The MET Orchestra
The Metropolitan Opera Orchestra is regarded as one of the world's finest orchestras. From
the time of the company's inception in 1883, the ensemble has worked with leading
conductors in both opera and concert performances and has developed into an orchestra of
enormous technical polish and style. The MET Orchestra (as the ensemble is referred to when
appearing in concert outside the opera house) maintains a demanding schedule of
performances and rehearsals during its 33-week New York season, when the company performs
seven times a week in repertory that this season encompasses 26 operas.
Arturo Toscanini conducted almost 500 performances at the Met, and Gustav Mahler, during
the few years he was in New York, conducted 54 Met performances. More recently, many of the
world's great conductors have led the orchestra: Walter, Beecham, Reiner, Mitropoulos,
Kempe, Szell, Böhm, Solti, Maazel, Bernstein, Mehta, Abbado, Karajan, Dohnányi, Haitink,
Tennstedt, Ozawa, Gergiev, Barenboim, Muti and Rattle. Carlos Kleiber's only US opera
performances were with the MET Orchestra.
In addition to its opera schedule, the orchestra has a distinguished history of concert
performances. Toscanini made his American debut as a symphonic conductor with the Met
Orchestra in 1913, and the impressive list of instrumental soloists who appeared with the
orchestra includes Leopold Godowsky, Sergei Rachmaninoff, Arthur Rubinstein, Pablo Casals,
Josef Hofmann, Ferruccio Busoni, Jascha Heifetz, Moritz Rosenthal, and Fritz Kreisler.
Since the orchestra resumed symphonic concerts in 1991, instrumental soloists have included
Itzhak Perlman, Maxim Vengerov, Alfred Brendel, and Evgeny Kissin, and the group has
performed six world premieres: John Harbison's Closer to My Own Life, Milton
Babbitt's Piano Concerto No. 2 (1998), William Bolcom's Symphony No. 7 (2002), Hsueh-Yung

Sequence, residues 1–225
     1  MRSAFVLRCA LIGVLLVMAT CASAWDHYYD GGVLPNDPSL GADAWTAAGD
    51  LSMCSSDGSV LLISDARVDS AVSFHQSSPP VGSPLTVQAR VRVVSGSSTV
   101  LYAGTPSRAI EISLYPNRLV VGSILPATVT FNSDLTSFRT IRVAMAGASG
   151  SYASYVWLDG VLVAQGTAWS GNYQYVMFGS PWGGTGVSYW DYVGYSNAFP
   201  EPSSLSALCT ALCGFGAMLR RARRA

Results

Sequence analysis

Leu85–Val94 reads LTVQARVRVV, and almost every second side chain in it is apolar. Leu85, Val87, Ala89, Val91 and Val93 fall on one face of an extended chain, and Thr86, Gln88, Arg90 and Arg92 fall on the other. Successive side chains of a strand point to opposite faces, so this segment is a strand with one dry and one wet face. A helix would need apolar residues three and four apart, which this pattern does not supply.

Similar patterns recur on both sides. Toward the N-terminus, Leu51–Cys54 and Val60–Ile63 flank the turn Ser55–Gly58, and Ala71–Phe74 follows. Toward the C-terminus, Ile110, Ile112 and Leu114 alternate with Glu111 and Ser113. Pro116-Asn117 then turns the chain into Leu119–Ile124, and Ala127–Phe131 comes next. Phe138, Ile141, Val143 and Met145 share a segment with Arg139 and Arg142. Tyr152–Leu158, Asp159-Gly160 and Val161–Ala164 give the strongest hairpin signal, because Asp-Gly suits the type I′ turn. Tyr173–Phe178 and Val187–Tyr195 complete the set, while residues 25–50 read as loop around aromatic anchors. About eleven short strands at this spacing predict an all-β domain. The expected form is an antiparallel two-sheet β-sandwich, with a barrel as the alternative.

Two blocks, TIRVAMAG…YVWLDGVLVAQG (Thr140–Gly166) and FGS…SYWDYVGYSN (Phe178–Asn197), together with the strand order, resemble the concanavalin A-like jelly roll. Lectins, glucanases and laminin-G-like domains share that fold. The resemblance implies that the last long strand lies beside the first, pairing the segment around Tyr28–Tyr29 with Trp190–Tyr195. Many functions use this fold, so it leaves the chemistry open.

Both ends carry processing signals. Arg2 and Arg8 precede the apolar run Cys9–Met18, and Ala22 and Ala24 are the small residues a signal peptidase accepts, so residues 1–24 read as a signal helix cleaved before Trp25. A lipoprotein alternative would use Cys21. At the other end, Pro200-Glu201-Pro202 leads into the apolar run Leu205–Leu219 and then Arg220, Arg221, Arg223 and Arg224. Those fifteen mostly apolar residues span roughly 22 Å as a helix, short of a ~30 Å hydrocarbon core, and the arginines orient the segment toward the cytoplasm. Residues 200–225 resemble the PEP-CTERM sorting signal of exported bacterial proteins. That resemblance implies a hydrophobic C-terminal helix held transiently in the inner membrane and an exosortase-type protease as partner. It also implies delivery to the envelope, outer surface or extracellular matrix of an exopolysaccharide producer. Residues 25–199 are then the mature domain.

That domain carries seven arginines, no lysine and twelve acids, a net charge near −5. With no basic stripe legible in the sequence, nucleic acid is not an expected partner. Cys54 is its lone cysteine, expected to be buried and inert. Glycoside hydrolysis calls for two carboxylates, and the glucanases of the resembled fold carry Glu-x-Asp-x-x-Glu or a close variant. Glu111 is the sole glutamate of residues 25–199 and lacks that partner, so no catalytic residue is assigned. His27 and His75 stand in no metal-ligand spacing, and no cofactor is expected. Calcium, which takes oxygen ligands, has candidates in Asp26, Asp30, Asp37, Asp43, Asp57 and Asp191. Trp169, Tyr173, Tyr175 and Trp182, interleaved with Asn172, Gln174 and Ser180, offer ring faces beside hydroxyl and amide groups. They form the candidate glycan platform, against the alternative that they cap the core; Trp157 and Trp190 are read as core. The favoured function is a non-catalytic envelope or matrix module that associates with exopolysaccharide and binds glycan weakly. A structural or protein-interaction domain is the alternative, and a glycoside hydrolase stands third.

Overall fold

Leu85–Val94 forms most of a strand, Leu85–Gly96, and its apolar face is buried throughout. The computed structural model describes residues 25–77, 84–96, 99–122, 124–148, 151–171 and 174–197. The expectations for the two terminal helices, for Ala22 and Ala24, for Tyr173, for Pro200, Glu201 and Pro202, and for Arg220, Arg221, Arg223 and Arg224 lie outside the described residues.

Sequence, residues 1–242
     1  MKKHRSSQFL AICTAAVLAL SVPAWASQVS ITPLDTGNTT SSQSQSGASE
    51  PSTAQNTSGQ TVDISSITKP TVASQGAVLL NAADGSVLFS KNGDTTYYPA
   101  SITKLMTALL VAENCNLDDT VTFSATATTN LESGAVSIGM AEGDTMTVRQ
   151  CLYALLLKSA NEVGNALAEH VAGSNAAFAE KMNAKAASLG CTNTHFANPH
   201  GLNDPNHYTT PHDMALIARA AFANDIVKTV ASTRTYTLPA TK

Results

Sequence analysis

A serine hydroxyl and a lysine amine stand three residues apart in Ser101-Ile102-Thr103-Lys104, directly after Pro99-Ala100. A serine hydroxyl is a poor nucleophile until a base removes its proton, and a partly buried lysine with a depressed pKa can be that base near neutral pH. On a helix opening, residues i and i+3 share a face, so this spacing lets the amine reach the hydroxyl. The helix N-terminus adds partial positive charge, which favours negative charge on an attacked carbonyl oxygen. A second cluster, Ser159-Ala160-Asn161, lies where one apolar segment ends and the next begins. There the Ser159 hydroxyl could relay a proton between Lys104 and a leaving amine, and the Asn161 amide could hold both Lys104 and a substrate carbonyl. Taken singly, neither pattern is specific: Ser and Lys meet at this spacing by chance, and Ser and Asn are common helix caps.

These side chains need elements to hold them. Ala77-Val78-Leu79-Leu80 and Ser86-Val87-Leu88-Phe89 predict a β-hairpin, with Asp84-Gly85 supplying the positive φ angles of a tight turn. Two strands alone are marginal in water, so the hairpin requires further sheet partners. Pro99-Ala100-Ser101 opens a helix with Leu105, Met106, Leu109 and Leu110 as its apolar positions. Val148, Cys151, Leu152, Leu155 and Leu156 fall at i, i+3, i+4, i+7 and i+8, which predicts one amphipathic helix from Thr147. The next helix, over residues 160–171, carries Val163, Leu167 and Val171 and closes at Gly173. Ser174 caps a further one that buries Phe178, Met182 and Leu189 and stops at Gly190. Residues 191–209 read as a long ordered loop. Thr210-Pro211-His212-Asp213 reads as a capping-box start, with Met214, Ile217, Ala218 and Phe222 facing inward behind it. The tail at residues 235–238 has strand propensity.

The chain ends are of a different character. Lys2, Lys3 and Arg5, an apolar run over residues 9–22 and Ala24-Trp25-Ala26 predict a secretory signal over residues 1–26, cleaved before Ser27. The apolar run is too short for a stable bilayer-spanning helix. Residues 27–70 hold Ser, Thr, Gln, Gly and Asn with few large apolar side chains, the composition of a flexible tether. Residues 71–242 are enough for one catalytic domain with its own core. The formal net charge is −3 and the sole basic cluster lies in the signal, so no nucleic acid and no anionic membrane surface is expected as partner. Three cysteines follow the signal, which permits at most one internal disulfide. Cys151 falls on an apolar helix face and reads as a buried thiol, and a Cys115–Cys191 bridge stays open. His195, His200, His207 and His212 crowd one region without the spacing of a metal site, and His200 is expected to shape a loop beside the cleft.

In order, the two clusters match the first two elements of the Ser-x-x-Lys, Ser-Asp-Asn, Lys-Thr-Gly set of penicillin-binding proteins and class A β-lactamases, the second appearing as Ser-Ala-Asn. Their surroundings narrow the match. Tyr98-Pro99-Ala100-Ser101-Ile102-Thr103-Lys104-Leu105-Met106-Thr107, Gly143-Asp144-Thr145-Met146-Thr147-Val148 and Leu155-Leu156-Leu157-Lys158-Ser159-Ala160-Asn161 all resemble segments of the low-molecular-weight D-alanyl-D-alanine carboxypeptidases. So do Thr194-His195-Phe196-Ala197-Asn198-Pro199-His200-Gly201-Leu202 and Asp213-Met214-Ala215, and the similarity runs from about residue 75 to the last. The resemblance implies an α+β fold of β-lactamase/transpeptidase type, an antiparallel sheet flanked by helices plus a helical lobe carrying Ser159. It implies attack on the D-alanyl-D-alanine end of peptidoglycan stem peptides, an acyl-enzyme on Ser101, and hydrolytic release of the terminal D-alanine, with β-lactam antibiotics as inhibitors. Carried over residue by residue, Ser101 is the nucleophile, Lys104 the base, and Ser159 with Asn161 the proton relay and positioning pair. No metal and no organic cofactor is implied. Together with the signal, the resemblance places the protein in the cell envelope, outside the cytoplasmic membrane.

Shen's Legend (2002), and Charles Wuorinen's
Theologoumenon (2007) and Time Regained (2009).
Music Director James Levine has developed a relationship with the Metropolitan Opera that
is unparalleled in its history and unique in the musical world today. Since his company
debut in 1971, he has led nearly 2,500 performances of 85 operas at the Met both in New
York and on tour. This season at the Met he conducted revivals of Così fan
tutte and Wozzeck, the new production of Falstaff, three
concerts with the MET Orchestra at Carnegie Hall, and staged scenes from works by Berlioz,
Donizetti, and Mozart, and Stravinsky's one-act Mavra at Juilliard's Peter
Jay Sharp Theater in a joint project between the Metropolitan Opera's Lindemann Young
Artist Development Program and the Juilliard School.
Maestro Levine inaugurated the Metropolitan Opera Presents television series
for PBS in 1977, founded the Met's Lindemann Young Artist Development Program in 1980, and
returned Wagner's complete Ring to the repertoire in 1989 (in the first integral
cycles in 50 years at the Met). He and the MET Orchestra began touring in concert in 1991,
and since then have performed around the world, including at Expo '92 in Seville, in Japan,
across the United States and Europe, and regularly during and after the opera season here
at Carnegie Hall.
In addition to his responsibilities at the Met, Mr. Levine has been a distinguished
pianist and an active and avid recital collaborator, especially in lieder and song
repertoire. He began accompanying such artists as Jennie Tourel, Hans Hotter, and Eleanor
Steber more than 50 years ago, and since that time has given recitals with most of the
great singers of our time. From 1973 to 1993, he was music director of the Ravinia
Festival, summer home to the Chicago Symphony Orchestra; became chief conductor from 1999
to 2004 of the Munich Philharmonic Orchestra; and music director from 2000 to 2004 of the
Verbier Festival Youth Orchestra. From 2004 to 2011, he was music director of the Boston
Symphony Orchestra. Between 1996 and 2000, he led more than a dozen concerts on the Three
Tenors World Tour, and he was conductor of the Chicago Symphony Orchestra for the
soundtrack of Disney's Fantasia 2000. He has conducted every major orchestra in
America and Europe. His most recent recording, James Levine: Live at Carnegie
Hall, a live performance CD of his return to the podium last May with the MET
Orchestra and Evgeny Kissin, was released earlier this season.